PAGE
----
It's the way we use new infrastructure that determines its green credentials

The Infrastructure Commission for Scotland last month called for "a presumption in favour of enhancing, re-purposing, or maintaining existing infrastructure over developing options for new infrastructure". Given its twin ambitions of inclusive economic growth and net zero carbon, that sounds fitting. After all, new infrastructure is carbon intensive, right?

In looking at life-cycle carbon footprint calculations for buildings, Dr Schwartz and colleagues at UCL recently found that 75% of emissions come from the operational stage (from heating, for example) and only 25% from construction and demolition. Aversion to new-build risks missing the point: it is how infrastructure is used that counts most. New thermally-efficient offices and housing may be very worthwhile. The equivalent is true of course for transport infrastructure, depending on how it impacts on patterns of travel behaviour.

To be fair, the Scottish Infrastructure Commission calls for an emphasis on active transport and public transport – that is to say, usage. For road investment, it wants to see an emphasis on safety, resilience and reliability rather than increased capacity.

It is hard to imagine broadly similar guidance not appearing for the rest of the UK in due course. The toughest problem, I suspect, is going to be getting a meaningful handle on the inclusive piece (for which read, variously, 'levelling up', regional re-balancing and addressing the needs of places 'left behind'). Adding into the Green Book a requirement to have regard to such issues will not hack it. The weight of assured, time-honoured, familiar, transport benefits will always lie in the busiest places and where economic output – and so incomes and productivity – are highest.

The demand for new infrastructure, rather than enhancements and re-purposing existing facilities, is hardly likely to diminish, I suggest. This is because today's infrastructure (road, rail, ports, runways in the south east) is so intensively used that all changes and enhancements carry an added cost from disruption effects. And we have become remarkably reluctant to accept outcomes which, while providing net overall gains, leave some groups visibly losing out. This makes gaining public acceptability hard.

But let's test out how some key infrastructure projects might work out: are they still worth doing against what I am taking to be the new key criteria: inclusive economic growth and achieving net zero carbon?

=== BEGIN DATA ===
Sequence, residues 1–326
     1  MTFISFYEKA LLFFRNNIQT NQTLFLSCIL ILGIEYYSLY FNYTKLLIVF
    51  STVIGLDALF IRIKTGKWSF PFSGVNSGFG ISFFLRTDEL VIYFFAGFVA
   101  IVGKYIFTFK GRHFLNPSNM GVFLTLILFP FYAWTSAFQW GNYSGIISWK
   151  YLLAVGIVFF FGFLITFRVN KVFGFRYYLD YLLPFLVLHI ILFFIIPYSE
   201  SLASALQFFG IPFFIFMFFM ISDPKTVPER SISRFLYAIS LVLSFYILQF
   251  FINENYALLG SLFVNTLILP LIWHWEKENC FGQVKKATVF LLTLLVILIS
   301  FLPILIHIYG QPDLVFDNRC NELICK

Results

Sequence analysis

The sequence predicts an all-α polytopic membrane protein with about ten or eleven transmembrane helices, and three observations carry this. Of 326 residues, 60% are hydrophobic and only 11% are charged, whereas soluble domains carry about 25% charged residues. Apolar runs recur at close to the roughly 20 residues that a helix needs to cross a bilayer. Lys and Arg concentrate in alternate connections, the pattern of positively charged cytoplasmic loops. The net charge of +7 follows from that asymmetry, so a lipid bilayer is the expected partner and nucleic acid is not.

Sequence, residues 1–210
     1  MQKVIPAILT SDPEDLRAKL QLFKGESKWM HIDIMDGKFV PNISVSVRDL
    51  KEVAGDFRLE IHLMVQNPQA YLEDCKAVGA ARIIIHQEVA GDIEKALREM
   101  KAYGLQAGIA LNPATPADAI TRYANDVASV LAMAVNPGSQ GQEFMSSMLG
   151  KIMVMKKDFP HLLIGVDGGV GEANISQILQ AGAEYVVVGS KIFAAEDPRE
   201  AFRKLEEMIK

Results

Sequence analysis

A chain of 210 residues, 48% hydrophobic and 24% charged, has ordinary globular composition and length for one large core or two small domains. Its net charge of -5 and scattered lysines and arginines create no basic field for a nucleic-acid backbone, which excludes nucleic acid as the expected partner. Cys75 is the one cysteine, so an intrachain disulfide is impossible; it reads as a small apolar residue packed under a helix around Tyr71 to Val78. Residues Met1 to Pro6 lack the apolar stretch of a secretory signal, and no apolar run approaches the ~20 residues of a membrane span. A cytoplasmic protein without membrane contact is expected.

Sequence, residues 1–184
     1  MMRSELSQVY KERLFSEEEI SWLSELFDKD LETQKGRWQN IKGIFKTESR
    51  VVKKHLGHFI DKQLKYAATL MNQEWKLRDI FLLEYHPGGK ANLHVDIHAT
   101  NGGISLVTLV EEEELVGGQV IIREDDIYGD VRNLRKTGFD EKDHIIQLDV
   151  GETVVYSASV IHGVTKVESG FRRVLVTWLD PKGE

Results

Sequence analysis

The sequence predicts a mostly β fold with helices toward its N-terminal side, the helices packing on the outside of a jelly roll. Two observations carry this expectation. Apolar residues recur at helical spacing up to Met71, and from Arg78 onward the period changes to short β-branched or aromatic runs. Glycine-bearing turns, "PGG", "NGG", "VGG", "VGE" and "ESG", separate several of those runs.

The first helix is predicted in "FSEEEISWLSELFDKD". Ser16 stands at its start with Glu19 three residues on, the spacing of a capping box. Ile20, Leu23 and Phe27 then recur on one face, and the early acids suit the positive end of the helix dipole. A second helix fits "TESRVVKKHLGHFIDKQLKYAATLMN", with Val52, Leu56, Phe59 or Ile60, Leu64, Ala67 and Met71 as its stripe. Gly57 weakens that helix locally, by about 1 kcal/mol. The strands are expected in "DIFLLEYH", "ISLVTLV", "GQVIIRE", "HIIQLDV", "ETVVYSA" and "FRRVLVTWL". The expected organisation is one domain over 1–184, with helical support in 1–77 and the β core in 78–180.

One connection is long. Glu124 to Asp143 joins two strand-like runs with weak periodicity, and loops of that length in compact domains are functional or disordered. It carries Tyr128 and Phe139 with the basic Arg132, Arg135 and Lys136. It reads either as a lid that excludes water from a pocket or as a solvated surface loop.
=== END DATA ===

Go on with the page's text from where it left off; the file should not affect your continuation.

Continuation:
Take a pair of long-standing road proposals in the South East – the Lower Thames River Crossing (£6bn) and the £3.5bn (an rising) Oxford Cambridge Expressway.

The LTRC scheme connects congested key growth areas in Kent and Essex at the expense of losing as much ancient Woodland as the whole of HS2 Phase 1, but, like other estuarial crossings, can be shown to reduce vehicle miles (a shorter route across).

The Expressway was deemed a national priority as recently as 2017 by the National Infrastructure Commission, essentially because it 'unlocks' large-scale housing development in an area of continuing strong demand growth.

Neither would score well on carbon reduction in use and neither could lay claim to addressing any version of economic inclusivity – both suffering from being in an area of economic strength in the wider South East. In both cases, there is the possibility of a parallel rail-based alternative, which if electrified, and especially if it accommodated freight, could have much better carbon reduction credentials. In any event, the draft strategy from Transport for the South East calls for a network "using digital technology to manage transport demand, encourage shared transport and make more efficient use of our roads and railways". So they are on-message.

Or let's take the PM's ambition to establish a bridge (a tunnel might be more likely) across the Irish Sea between SW Scotland and Northern Ireland. Now that will take concrete and steel to build (so lots of embedded carbon), as will the new access links needed to make it work. But besides being a boon to the Northern Ireland economy (a big win for inclusive economic growth in UK-wide terms), if developed with the new key criteria in mind, it could also lead to a switch out of short-haul air travel, and also a switch from road haulage to rail-freight. (We all thought this would follow from the channel tunnel but it didn't). Still, just maybe a scheme with usage characteristics of lasting benefit.

Or take Runway Three at Heathrow. Yes, there is a carbon case for this scheme provided the extra capacity it creates is used to eliminate stacking – both low-altitude aircraft queueing to land and those in a taxi-queue to take-off. There would then be a great environmental win from airspace/ground-space usage shifts. Just one problem: a complete change in airport and aviation commercial regulation would be needed. No shareholder could vote to spend multiple £bn on R3 unless it is guaranteed a commercial return.

Jim Steer is Director of Steer